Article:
The Passage of the Nineteenth Amendment


When the Nineteenth Amendment to the U.S. Constitution was passed in 1920, American women won the right to vote. This was a hard-won victory.

In 1920, the Nineteenth Amendment to the U.S. Constitution was passed. This amendment allowed American women to vote and hold public office. This was by no means an easy victory. Along the way, women’s rights advocates encountered controversy, public outrage, and a host of other obstacles to the accomplishment of their goals.

The Origins of the Women’s Rights Movement

Although American women did not win the right to vote until 1920, the roots of women’s suffrage date back to the 1840s. The first women’s rights convention was held in Seneca Falls, New York, in 1848. Women such as Elizabeth Cady Stanton and Lucretia Mott championed the cause of voting rights for women. Despite these efforts, it would take 30 years before a women’s suffrage bill was brought before Congress. This bill was defeated every year from 1878 to 1919.

Obstacles to Women’s Suffrage

The main reason the women’s suffrage bill was constantly defeated was society’s mindset in regards to gender roles. Many Americans during this time believed that if women were given any power, they would neglect their traditional duties and that the sacred institutions of marriage and family would suffer as a result, causing society to crumble.

Another barrier was the fact that the gains that were made prior to 1920 were small; furthermore, this progress was the result of necessity as opposed to society’s interest in gender equality. For example, Wyoming became the first state to grant women the right to vote in local elections in 1869, but this law was not passed for the sake of women’s rights. Rather, this law was passed to lure more women to the West, where the men needed wives.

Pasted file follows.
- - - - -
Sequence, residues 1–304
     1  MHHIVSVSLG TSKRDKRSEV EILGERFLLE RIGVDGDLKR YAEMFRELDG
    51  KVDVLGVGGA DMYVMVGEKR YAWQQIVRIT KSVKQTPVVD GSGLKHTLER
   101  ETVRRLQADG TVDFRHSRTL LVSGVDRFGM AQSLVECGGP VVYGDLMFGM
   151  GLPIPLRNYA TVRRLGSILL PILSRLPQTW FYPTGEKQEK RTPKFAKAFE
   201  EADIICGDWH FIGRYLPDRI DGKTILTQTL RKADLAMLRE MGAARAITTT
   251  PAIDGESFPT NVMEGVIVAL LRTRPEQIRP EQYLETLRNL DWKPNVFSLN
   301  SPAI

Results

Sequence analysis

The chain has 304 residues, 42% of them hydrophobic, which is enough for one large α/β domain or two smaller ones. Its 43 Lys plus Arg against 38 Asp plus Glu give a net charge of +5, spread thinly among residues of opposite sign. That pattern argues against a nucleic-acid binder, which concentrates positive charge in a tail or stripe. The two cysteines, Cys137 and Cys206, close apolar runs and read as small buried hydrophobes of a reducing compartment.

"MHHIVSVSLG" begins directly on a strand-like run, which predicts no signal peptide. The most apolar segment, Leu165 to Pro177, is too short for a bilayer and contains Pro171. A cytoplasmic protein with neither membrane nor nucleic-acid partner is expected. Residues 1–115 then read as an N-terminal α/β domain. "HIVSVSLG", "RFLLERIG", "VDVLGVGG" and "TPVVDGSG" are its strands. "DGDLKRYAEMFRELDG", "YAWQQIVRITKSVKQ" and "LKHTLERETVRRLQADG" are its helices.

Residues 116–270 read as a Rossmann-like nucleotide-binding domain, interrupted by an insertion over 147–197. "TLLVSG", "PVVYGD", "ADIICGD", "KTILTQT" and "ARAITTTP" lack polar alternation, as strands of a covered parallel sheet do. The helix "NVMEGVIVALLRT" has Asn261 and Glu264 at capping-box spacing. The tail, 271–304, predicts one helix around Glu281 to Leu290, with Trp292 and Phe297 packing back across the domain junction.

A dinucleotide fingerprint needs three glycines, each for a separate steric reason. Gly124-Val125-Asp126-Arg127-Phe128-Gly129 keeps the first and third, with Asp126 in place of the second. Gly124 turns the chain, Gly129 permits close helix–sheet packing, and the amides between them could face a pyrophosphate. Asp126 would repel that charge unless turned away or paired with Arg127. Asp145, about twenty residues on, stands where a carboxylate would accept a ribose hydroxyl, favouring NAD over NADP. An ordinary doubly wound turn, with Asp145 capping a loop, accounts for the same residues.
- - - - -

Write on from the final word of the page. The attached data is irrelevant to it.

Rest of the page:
Modern Champions of Women’s Rights

The Nineteenth Amendment was finally added to the U.S. Constitution in 1920. Prior to the amendment’s passage, intelligent American women who were interested in the political process could not hold significant public offices or vote in state and national elections. One of these women was Helen Taft, who served as America’s first lady from 1909 to 1913. Mrs. Taft was forced to experience the American political scene vicariously through her husband, twenty-seventh president William H.Taft.

Therefore, Helen became an ardent crusader for women’s voting rights. Her efforts, as well as those of women’s rights activists who came before her, would ultimately pay off. Today, a number of powerful, smart American women, including former first lady, former presidential candidate, and current Secretary of State Hillary Clinton and Speaker of the House Nancy Pelosi, hold high positions in the nation’s political arena.


  1. Harris, Bill. The First Ladies Fact Book, p. 384. New York: Black Dog & Leventhal Publishers, Inc., 2005.